Magnolias are a fairly large group of plants, ranging from shrubs to tall trees. The 80 species of magnolias include both deciduous and evergreen plants. All are valued for their large, fragrant flowers and glossy foliage. When you plant your magnolia tree depends in large part on which type it is and whether your climate is tropical or temperate.
Evergreen magnolias should be planted in early spring. These include the large southern magnolia (Magnolia grandiflora) and the smaller sweetbay magnolia (M. virginiana), which is evergreen in the warmer parts of the South but can become deciduous in northern areas. The southern magnolia generally blooms in mid-to-late spring, depending on the cultivar. "Little Gem," for example, will bloom on and off throughout the summer. Some cultivars will bloom right away, while others may take years to bloom after planting. The sweetbay magnolia also blooms in May and June, with some cultivars that will bloom until September.
Deciduous magnolias, which lose their leaves when cooler weather arrives, can be planted in the fall or in early spring. Those that live in the far south should plant deciduous magnolias in the fall, when the weather is cooler. Northern gardeners should plant deciduous magnolia trees in the spring, when the soil warms up. Commonly cultivated deciduous magnolias include the saucer magnolia (M. x soulangeana), which is one of the earliest blooming magnolias (some cultivars will bloom in March) and the star magnolia (M. stellata). The star magnolia is also an early bloomer. Flowers appear in March, well before the leaves.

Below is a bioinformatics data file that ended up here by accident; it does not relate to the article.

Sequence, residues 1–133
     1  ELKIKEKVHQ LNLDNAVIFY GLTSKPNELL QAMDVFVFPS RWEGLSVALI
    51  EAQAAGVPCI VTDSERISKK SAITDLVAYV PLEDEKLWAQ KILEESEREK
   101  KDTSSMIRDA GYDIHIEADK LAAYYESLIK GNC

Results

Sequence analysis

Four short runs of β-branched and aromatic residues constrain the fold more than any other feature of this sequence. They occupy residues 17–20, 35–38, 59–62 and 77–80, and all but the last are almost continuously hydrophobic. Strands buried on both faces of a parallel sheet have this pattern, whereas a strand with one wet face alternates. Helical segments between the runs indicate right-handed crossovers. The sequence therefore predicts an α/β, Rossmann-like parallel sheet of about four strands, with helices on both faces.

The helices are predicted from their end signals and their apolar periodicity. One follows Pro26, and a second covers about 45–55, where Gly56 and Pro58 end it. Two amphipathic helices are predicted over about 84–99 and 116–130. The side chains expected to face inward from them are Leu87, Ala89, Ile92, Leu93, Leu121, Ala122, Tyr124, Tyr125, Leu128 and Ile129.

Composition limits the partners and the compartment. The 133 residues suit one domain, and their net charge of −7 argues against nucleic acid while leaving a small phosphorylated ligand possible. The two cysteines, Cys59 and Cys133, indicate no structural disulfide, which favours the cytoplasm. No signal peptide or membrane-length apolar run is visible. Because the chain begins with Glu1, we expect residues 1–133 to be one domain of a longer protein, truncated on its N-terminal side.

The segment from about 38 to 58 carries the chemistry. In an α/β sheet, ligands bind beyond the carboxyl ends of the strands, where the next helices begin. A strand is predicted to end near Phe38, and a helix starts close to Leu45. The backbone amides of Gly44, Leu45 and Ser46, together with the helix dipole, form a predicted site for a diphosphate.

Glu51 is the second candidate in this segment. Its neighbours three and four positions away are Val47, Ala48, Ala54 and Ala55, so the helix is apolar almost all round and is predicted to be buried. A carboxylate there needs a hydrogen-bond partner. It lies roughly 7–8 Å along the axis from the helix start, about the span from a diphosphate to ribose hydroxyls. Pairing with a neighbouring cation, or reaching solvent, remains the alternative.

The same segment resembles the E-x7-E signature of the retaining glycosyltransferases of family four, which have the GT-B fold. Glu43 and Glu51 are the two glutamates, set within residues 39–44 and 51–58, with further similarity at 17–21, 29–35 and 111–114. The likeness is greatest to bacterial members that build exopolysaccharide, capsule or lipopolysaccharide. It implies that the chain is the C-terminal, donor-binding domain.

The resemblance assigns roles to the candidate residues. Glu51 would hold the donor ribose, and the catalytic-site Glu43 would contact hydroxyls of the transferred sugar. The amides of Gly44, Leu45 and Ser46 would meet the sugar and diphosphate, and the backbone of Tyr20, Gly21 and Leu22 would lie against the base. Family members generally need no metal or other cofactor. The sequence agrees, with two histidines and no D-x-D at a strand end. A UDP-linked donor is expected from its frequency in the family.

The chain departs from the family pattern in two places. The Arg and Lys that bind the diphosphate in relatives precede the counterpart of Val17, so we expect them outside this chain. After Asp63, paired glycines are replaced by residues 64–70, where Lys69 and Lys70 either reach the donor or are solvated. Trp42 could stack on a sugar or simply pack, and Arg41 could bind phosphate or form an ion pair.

Magnolias thrive in rich organic soil, so amend the soil with 3 to 4 inches of leaf mould and work it into the soil before planting your tree. Choose a location that is in partial shade or full sun, if you are in a temperate climate. Magnolias like well-draining soil. Their somewhat delicate roots will rot if left sitting in standing water. Irrigate well after planting, then cover the area around the tree with 3 to 4 inches of mulch to help the soil retain moisture. Most magnolias will tolerate brief periods of drought.
Choose carefully when selecting a location for your magnolia tree. Magnolias in general have unusually shallow roots. For this reason, they should not be planted near walkways, where they can uproot concrete and asphalt. The roots are also quite fragile, which is why these trees should not be transplanted. Finally, if you are planting a southern magnolia, give it plenty of room to grow, as they can reach heights of over 75 feet.